Background: The principal goal of this study was to compare the diagnostic accuracy of three brief instruments in memory clinic attendees. Two of the instruments were based on face-to-face clinical assessment (Standardized Mini-mental State Examination and Rowland Universal Dementia Assessment Scale), whereas the third group used proxy information from an informant (Informant Questionnaire on Cognitive Decline in the Elderly). Dementia diagnosis as provided by a specialist physician (geriatrician, psychiatrist or neurologist) was used as the reference standard.

Methods: This was a cross-sectional study. Data were collected from 204 consecutive memory clinic attendees (M = 76.90, 56% female) and their family caregivers. Comparative utility was assessed through receiver operating characteristic (ROC) analyses.

Results: One hundred and fifty-two patients (75%) were diagnosed as having dementia. Diagnostic accuracy, as indicated by the area under the ROC curve (AUC), was similar for the three instruments as follows: SMMSE (AUC = 0.82, 95% CI = 0.76, 0.87, p < 0.0001) and RUDAS (AUC = 0.83, 95% CI = 0.77, 0.88, p < 0.0001), and slightly lower for IQCODE (AUC = 0.77, 95% CI = 0.71, 0.83, p < 0.0001). There was no significant difference between the areas under the curve (χ2 = 2.57, df = 2, p = 0.28).

Conclusions: Diagnostic accuracy was similar for the three instruments, which all proved to be moderately useful tools for initial screening for cognitive impairment in the memory clinic environment. Being a proxy measure, the IQCODE had specific practical use in this context, where the patient might not be able to provide information. The RUDAS exhibited high specificity and proved to be less dependent upon cultural factors than the SMMSE, making it particularly valuable in a multicultural setting.

Lancashire Care staff can request the full-text of this paper, email: susan.jennings@lancashirecare.nhs.uk

Occupational Therapists’ Perception of the Tree Theme Method™ as an Intervention in Psychosocial Occupational Therapy

Occupational Therapists’ Perception of the Tree Theme Method as an Intervention in Psychosocial Occupational Therapy, Occupational Therapy in Mental Health, 1541-3101, Volume 27, Issue 1, 2011, Pages 36 – 49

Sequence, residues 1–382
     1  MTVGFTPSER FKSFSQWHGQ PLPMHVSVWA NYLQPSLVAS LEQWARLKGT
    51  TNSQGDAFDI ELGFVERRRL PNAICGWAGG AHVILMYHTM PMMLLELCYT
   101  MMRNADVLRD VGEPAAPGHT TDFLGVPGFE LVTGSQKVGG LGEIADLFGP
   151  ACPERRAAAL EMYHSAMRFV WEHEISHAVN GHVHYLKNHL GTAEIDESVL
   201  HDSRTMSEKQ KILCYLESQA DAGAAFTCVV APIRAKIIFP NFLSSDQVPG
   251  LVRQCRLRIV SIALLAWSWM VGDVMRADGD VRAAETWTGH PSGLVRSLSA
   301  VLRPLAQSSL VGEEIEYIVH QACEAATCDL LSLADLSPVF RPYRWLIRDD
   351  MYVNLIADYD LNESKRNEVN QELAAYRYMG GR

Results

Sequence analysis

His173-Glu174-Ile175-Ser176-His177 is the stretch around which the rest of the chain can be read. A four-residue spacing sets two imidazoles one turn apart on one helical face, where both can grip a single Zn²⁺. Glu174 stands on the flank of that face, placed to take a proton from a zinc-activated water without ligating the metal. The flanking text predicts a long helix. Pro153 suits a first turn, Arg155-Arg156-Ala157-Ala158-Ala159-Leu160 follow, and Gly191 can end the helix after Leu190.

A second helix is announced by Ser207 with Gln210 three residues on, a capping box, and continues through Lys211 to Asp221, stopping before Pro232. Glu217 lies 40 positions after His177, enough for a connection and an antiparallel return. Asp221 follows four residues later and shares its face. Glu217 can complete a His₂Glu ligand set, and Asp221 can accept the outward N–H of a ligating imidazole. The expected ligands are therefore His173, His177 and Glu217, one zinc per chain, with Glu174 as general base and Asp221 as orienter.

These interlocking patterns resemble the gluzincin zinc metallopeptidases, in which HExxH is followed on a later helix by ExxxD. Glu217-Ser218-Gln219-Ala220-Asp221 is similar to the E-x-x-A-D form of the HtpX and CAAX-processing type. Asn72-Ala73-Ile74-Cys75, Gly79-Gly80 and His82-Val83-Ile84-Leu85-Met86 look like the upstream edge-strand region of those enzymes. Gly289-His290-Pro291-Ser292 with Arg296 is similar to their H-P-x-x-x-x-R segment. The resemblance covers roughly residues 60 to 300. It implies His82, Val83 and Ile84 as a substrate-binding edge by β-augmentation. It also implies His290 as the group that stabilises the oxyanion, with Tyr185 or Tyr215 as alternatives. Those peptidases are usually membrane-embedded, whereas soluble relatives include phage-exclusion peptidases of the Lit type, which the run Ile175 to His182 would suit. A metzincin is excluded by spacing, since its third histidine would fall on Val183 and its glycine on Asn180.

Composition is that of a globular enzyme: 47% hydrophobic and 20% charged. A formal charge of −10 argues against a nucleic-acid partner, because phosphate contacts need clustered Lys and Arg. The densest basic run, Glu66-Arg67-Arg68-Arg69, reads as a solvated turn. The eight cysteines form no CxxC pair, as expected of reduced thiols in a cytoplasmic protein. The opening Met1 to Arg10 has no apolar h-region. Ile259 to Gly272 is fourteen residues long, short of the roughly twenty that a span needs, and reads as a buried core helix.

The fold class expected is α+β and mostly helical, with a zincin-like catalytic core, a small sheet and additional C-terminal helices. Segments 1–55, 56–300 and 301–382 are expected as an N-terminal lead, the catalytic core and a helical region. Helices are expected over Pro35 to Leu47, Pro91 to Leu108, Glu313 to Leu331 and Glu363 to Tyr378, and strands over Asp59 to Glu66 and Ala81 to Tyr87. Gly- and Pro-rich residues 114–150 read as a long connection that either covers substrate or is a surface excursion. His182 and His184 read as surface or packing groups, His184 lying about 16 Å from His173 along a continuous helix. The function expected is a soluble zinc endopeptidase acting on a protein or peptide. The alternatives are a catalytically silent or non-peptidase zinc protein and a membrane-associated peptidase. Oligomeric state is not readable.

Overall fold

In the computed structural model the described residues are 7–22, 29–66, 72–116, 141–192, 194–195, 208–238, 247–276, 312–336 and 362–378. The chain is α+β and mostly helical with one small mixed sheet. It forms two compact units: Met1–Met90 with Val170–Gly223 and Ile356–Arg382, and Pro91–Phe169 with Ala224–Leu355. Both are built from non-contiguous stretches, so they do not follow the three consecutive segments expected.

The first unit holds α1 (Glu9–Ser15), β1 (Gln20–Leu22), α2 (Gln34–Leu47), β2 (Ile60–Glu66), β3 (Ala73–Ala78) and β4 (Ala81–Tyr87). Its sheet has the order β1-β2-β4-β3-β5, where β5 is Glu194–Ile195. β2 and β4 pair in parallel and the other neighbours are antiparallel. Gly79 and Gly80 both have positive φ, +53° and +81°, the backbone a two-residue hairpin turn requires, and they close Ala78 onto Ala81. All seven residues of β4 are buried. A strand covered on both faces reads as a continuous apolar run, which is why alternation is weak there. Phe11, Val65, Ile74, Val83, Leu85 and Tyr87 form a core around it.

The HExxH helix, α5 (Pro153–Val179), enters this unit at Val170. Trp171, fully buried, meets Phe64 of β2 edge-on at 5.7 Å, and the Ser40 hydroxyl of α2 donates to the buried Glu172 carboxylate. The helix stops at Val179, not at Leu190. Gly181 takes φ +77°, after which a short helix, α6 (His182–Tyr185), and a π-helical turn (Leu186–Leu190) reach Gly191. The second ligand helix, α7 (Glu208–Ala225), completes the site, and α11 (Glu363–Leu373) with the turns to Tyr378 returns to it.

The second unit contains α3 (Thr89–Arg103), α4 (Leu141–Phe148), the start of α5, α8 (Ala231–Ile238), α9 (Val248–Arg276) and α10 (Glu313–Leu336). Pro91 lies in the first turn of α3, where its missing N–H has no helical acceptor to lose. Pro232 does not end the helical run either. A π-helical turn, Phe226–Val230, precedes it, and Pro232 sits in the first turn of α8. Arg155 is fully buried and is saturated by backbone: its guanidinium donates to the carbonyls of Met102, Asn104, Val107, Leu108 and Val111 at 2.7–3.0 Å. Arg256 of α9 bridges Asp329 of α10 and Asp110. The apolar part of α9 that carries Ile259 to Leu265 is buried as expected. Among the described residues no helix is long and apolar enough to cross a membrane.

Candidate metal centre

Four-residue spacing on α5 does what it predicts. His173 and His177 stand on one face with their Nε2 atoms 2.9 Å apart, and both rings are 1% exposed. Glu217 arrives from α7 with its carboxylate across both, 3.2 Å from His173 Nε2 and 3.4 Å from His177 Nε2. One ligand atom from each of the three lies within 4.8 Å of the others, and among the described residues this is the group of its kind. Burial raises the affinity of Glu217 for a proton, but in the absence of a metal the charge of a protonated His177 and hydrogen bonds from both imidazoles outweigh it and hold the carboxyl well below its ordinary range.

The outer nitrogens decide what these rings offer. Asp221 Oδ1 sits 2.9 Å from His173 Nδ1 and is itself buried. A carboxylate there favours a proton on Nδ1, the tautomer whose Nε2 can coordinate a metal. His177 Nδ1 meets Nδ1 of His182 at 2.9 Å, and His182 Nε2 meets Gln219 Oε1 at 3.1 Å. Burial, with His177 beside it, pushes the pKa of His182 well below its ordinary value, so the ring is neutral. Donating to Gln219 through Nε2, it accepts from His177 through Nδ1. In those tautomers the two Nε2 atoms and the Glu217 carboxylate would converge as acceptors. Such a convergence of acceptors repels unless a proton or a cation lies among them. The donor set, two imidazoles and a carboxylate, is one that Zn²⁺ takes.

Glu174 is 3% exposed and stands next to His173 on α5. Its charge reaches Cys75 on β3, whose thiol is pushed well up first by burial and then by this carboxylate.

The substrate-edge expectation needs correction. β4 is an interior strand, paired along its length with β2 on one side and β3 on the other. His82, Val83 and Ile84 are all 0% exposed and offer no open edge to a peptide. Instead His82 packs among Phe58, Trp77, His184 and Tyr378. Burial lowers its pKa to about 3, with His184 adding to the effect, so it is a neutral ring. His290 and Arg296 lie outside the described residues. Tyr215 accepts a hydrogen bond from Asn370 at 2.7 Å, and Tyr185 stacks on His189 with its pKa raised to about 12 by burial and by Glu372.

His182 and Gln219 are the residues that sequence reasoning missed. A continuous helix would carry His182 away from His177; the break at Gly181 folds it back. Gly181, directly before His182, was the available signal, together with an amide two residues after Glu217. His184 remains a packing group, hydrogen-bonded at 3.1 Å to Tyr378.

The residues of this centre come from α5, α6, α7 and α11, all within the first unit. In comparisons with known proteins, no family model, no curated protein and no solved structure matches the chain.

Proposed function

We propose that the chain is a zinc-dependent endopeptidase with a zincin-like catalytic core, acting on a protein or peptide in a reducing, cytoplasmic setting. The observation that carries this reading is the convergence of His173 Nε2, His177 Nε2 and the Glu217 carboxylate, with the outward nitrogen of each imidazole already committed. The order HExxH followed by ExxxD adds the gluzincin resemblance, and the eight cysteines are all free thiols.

A. Birgitta Gunnarsson; Jan-Åke Jansson; Kerstin Petersson; Mona Eklund

Abstract:

This study investigated how occupational therapists experience utilization of the Tree Theme Method, an intervention based on creative activities and life-story telling and making. The Tree Theme Method is comprised of five sessions in which the therapist asks the client to paint symbolic trees, with specific themes representing their present life situation, childhood, adolescence, adulthood, and the future. Nine occupational therapists in mental health care were asked about their experiences when using the Tree Theme Method. The informants formed two focus groups and each group was interviewed twice. Qualitative content analysis was used to identify five categories including: (1) therapeutic frames, (2) therapist requirements, (3) client requirements, (4) the therapeutic relationship, and (5) the Tree Theme Method as a multi-dimensional process. Overall the informants were satisfied with the intervention with some variation as to therapists’ perception about the helpfulness of the tool. The Tree Theme Method was experienced as a structured method of starting a therapeutic process and initiating a therapist-client relationship. The therapeutic attitude, self-knowledge, and expert knowledge seemed to be important prerequisites for the therapists when using the Tree Theme Method intervention.

Lancashire Care staff can request the full-text of this paper, email: susan.jennings@lancashirecare.nhs.uk

Psychosocial Interventions – The use of Cognitive Behavioural Therapy (CBT) self-help materials for depression is increasingly recommended as part of stepped care service models.

Training the Wider Workforce in Cognitive Behavioural Self-Help: The SPIRIT (Structured Psychosocial InteRventions in Teams) Training Course, Behavioural and Cognitive Psychotherapy (2011), 39 (2) 139-149

Chris Williams, Rebeca Martinez, Rebecca Dafters, Lisa Ronald and Anne Garland

a1 University of Glasgow, UK

a2 University Hospital Aintree, Liverpool, UK

a3 Strathdoon House, Ayr, UK

a4 Nottingham Trent Trust, UK

a5 Gartnavel Royal Hospital, Glasgow, UK

Abstract:

Background: The use of Cognitive Behavioural Therapy (CBT) self-help materials for depression is increasingly recommended as part of stepped care service models. Such resources can be delivered by both new specialist workers (such as the IAPT services in England), or by introducing this style of working into an existing workforce as described in the current paper. The Structured Psychosocial InteRventions in Teams (SPIRIT) course consists of 38.5 hours of workshops, and 5 hours of clinical supervision in the use of CBT self-help (CBSH). Method: This study describes an evaluation of the effectiveness of the course when offered to community and inpatient mental health staff from a wide range of adult and older adult mental health teams in NHS Greater Glasgow Mental Health Division. Results: Training resulted in both subjective and objective knowledge and skills gains at the end of training that were largely sustained 3 months later. At that time point, 40% of staff still reported use of CBSH in the last week. Satisfaction with the training is high, using validated rating scales.

Conclusions: The SPIRIT training has gone some way to increasing access to CBSH for use in everyday clinical practice.

Lancashire Care staff can request the full-text of this paper, email: susan.jennings@lancashirecare.nhs.uk

Lisa Graham – Lancashire Care NHS Foundation Trust